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Another major blow for the semiconductor sector in China

© Unsplash/Brian Kostiuk

In recent years, the issue of semiconductors has become very central to a technological, commercial and geopolitical conflict between China and the United States. Mastering the most advanced manufacturing processes means having the capacity to develop more advanced AI systems faster than the adversary.

But also to gain an advantage in the military domain, with missiles, radars and other advanced devices. Not to mention the ability to gain market share – potentially weakening the other party from an economic point of view. While the world leader in semiconductor manufacturing, TSMC, is based in Taiwan, and mainland China has been making thinly veiled threats of invasion for years, the problem has never been has also become real for the United States.

ASML and the Netherlands bow to the decision of the United States

< p>However, TSMC does not itself develop the machines used to engrave the most advanced semiconductors. This task is that of a very popular Dutch company: ASML. In fact it's very simple: this company's technology is around ten years ahead of its competitors. To engrave 7 nm processors or even finer nodes, less than 2 nm, having ASML machines is therefore simply essential in 2024.

For its part, China is the subject of increasingly heavy economic sanctions from the United States. Which limits its ability to manufacture advanced processors itself – not to mention DUV nanolithography machines (for nodes below 7 nm) and EUV (to go up to 2 nm and beyond). As a result, even China must source machines from ASML. Recently, the US Department of Commerce banned ASML from delivering EUV machines to China.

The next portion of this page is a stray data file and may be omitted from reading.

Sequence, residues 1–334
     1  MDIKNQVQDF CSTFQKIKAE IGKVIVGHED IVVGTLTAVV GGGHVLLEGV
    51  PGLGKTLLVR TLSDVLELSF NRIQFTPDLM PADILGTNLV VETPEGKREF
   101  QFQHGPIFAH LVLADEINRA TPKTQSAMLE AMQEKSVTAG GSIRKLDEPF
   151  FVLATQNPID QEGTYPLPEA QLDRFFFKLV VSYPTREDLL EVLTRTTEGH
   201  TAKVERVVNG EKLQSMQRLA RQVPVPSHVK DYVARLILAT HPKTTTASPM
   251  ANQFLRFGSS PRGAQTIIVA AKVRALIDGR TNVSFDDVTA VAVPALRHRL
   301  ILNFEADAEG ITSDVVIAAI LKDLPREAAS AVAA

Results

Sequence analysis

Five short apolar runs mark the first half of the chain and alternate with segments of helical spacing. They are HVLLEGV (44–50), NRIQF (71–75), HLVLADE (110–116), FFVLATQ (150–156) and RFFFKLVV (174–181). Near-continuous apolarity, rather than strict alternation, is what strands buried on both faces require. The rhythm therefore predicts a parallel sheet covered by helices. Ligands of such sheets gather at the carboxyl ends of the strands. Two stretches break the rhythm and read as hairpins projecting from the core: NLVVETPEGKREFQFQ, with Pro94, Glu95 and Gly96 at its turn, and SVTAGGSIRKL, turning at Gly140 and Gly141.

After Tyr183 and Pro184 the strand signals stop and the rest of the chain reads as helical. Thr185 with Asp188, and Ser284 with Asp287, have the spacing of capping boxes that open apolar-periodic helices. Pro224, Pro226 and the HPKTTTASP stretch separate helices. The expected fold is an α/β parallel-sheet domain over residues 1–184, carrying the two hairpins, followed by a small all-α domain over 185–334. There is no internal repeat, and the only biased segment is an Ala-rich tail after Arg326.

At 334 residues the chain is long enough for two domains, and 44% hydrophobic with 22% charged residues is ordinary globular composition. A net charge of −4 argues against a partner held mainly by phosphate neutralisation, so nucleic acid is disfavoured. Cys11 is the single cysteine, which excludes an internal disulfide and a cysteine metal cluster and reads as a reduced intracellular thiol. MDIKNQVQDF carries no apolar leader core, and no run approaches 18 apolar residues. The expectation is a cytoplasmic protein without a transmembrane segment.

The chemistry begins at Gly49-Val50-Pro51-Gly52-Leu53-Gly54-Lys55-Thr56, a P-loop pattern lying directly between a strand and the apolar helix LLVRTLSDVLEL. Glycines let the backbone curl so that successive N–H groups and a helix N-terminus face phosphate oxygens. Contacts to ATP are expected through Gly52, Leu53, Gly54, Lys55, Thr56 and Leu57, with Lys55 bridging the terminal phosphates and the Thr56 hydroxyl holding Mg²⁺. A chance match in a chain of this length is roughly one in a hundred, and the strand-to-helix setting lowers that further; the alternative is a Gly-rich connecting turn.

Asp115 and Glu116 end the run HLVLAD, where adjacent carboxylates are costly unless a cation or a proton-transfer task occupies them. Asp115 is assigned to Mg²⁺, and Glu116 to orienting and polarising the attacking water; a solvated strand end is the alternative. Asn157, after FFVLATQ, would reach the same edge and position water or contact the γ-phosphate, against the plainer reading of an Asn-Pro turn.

These machines, like many others from the firm, indeed contain an overwhelming number of American patents. The country therefore turned to a massive order for DUV machines that were a little less efficient, but still allowed more time to develop its own alternatives – with the ultimate goal of becoming fully independent from the United States. However, ASML had to cancel part of the order following a request from the Biden administration.

According to a Reuters report, the cancellation , ordered by the Dutch government, impacts “a small number of customers in China”. ASML, which has become one of the stars of equity portfolios around the world, emphasizes that this setback should not have a negative financial impact in 2023. However, nothing ;is very certain for the next few years. Indeed, China has gradually established itself as ASML's 3rd market, and even represented 46% of its total sales in the 3rd quarter of 2023.

“In recent discussions with the U.S. government, ASML obtained additional clarification on the scope and impact of U.S. export control regulations. ASML is fully committed to complying with all applicable laws and regulations, including export control legislation in the countries where we operate.”, says the firm .

  • ASML is forced to cancel part of a massive machine order lithography to China.
  • The request, approved by the Dutch government, comes from the United States.
  • A maneuver that seems intended to slow down China's ability to acquire its own machines.

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Teilor Stone

By Teilor Stone

Teilor Stone has been a reporter on the news desk since 2013. Before that she wrote about young adolescence and family dynamics for Styles and was the legal affairs correspondent for the Metro desk. Before joining Thesaxon , Teilor Stone worked as a staff writer at the Village Voice and a freelancer for Newsday, The Wall Street Journal, GQ and Mirabella. To get in touch, contact me through my teilor@nizhtimes.com 1-800-268-7116